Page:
Remember now your Creator in the days of your youth, before the difficult days come, and the years draw near when you say, “I have no pleasure in them.” (Ecclesiastes 12:1)
The Difficult Days
One of the paradoxes of the aged is why youth is wasted on the young. The irony of the statement is that all the aged were young once. There is one commonality shared by every man and woman: everyone is born, and everyone dies. In the process of living, the body changes from a steel instrument of youthful vigor to a fading canvas of pain and suffering. It is remarkable that old age surprises people. The young can die, and the old will die, but all men age. Moses describes the oldest recorded man who lived to be 969 years, and then he died. Methuselah faced old age at an odd age, but his body still died. Billions of dollars are spent for youthful pursuits to attain what Juan Ponce de Leon believed existed in a fountain of youth, but he was killed in 1521 at the age of 47. The difficult days come to all men.
Solomon reigned for forty years, and then he rested with his fathers and was buried in the city of David his father. The book of Ecclesiastes is a reflection on the life of an older and wiser man. In his conclusion, the son of David reminds the human soul the human body decays and wears out. He calls them the difficult days. Old age is difficult because of the changes that take place. Sight is diminished, hearing is dulled, and the mind is not so quick. The strength of youth is gone, and the affliction of growing older saps the vigor of youth. Sleep can be difficult. There is an unsteady gate in the walk of an older man and woman. The hair turns white or turns loose. Desire is diminished as the body changes. These are difficult days.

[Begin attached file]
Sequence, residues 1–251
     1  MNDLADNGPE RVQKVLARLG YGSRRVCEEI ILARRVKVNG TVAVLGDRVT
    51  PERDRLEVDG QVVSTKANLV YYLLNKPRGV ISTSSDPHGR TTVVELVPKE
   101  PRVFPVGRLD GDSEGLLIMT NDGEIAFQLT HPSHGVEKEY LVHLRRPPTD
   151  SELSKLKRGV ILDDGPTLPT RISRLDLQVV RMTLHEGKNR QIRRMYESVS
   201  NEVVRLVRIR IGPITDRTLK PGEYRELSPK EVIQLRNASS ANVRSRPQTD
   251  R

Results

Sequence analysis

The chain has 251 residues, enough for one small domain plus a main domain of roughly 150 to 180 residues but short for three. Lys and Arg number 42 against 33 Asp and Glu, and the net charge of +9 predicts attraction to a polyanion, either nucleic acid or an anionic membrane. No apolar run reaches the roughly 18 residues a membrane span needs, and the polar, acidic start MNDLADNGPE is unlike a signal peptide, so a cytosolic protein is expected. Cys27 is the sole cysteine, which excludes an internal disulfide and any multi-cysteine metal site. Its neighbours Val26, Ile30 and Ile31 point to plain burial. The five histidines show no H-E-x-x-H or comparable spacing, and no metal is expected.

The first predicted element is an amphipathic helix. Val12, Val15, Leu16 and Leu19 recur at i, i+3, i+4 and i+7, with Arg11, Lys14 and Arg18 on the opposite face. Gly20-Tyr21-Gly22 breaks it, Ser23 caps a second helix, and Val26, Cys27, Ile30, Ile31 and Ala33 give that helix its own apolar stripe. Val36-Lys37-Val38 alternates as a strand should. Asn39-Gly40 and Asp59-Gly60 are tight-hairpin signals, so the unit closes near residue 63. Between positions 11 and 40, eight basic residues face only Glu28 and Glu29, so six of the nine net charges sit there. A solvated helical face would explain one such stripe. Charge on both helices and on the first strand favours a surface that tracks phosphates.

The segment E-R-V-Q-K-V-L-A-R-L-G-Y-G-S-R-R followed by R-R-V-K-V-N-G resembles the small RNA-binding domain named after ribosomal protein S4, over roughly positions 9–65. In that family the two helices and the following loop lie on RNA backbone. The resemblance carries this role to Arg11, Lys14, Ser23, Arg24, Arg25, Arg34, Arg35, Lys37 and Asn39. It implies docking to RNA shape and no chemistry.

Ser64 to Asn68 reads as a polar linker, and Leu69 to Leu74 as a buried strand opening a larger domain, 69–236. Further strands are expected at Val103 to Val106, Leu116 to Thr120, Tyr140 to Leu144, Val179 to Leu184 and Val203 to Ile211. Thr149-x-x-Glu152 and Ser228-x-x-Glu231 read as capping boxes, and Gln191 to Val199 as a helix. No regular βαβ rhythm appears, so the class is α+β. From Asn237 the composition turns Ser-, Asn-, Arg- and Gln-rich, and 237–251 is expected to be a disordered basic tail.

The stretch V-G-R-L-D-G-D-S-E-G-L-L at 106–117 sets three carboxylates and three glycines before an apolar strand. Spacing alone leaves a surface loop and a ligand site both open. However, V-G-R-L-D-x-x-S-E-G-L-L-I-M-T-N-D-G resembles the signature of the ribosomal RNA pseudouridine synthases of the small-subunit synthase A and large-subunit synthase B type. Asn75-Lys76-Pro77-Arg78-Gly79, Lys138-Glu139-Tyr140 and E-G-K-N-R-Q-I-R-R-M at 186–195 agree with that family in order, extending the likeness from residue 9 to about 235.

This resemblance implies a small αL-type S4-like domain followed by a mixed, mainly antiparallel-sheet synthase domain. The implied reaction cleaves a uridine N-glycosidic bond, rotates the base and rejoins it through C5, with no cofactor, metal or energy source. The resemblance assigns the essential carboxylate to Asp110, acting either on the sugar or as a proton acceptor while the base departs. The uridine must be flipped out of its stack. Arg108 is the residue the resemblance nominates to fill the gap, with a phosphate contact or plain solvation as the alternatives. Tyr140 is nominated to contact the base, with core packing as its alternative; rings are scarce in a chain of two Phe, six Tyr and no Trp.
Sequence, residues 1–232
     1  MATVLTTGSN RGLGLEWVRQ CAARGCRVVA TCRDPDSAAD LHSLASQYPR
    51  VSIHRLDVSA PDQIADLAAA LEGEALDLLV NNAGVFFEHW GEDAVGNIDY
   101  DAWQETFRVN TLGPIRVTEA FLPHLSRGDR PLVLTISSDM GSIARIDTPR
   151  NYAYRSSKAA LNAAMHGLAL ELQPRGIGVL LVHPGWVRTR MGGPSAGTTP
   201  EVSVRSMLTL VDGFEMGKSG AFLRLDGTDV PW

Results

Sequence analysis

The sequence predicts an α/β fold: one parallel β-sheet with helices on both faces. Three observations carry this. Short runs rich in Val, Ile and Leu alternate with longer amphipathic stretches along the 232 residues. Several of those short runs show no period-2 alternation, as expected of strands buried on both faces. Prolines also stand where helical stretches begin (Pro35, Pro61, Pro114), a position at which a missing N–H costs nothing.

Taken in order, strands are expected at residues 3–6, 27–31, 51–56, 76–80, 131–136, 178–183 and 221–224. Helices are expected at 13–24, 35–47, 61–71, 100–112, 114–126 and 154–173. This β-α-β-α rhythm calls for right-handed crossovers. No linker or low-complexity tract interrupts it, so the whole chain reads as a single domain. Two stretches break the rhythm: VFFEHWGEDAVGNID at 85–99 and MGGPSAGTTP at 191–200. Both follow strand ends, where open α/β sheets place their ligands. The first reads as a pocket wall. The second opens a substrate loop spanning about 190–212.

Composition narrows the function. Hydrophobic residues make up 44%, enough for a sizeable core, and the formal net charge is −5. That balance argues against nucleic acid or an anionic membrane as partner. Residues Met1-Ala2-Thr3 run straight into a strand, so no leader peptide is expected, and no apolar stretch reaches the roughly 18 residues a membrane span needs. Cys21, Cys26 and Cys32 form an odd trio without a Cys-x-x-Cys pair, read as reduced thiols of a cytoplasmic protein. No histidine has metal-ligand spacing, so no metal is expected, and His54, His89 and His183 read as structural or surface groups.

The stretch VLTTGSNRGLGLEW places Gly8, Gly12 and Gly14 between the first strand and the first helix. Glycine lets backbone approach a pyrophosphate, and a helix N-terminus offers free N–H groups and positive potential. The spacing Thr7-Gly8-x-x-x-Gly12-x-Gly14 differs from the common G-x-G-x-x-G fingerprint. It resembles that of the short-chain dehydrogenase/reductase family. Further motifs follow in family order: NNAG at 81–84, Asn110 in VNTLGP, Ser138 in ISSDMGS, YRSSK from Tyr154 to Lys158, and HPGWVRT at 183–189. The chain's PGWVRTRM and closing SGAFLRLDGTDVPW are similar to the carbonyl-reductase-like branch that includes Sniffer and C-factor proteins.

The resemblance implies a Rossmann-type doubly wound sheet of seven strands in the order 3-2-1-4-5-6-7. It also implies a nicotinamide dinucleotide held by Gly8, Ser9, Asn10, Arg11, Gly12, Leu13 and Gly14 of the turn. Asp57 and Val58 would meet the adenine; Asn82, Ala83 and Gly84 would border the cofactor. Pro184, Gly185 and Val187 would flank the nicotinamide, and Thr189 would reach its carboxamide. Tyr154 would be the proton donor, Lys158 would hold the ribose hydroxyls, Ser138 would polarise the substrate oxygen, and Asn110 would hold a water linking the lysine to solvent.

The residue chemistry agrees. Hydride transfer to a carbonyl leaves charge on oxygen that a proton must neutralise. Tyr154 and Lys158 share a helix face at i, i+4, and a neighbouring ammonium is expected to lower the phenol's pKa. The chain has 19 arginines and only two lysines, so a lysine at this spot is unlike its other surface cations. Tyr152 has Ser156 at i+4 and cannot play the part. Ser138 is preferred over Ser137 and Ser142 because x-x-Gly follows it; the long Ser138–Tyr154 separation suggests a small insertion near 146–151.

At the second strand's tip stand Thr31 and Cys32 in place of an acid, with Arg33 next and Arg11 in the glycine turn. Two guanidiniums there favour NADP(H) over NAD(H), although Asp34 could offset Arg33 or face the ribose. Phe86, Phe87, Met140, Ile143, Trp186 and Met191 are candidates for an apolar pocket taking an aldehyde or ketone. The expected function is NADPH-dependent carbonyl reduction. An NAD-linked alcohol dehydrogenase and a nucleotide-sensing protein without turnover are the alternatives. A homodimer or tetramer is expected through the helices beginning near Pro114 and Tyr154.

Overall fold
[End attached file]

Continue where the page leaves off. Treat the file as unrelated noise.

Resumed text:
Old age is difficult because the body changes, but it does not always suggest the inner body of man must diminish. Solomon admonished the young to remember God early in life so that when the difficult days of physical limitations come, the spiritual acuteness remains. A man may not be able to leap tall buildings and have the strength more powerful than a locomotive, but his soul should be strengthened with the word of God. Remembering God transcends the difficult days into days of golden glory. What is truly sad is when a man enters old age without God. He may spend all his life grooming his body for a youthful look but to what end? The body will die regardless. Angels are bemused at men who seek to keep youth alive in a fading body of mortality. Difficult days will come to the health conscience, the gym devotee, the puritan, the vegan, the rich, the famous, and the poor alike. It is not a possibility – it’s a reality.
Difficult days are the precursor to a day of happiness. One of the joys of growing older in Christ is the clearer vision of what life has meant and what life awaits. The focus is no longer on the physical body that begins to ache and slow down and lack energy. Disease begins to invade and destroy the body, and through the marvel of medicine, life can be extended, but the body will still die. Remembering the Creator brings a vitality to life that no pill can have. Old men are young and old women rejoice. Life is not difficult. God is the Creator. He has promised that the difficult days will end, and He will wipe away every tear from the eye and take away all pain and sorrow. There are no difficult days in Heaven. Life begins and ends, but eternal life only begins. What a joy the difficult days will be over, and the joy of God’s love is fully realized. Remember the Creator now before the difficult days come (and they are coming). You will be glad you did.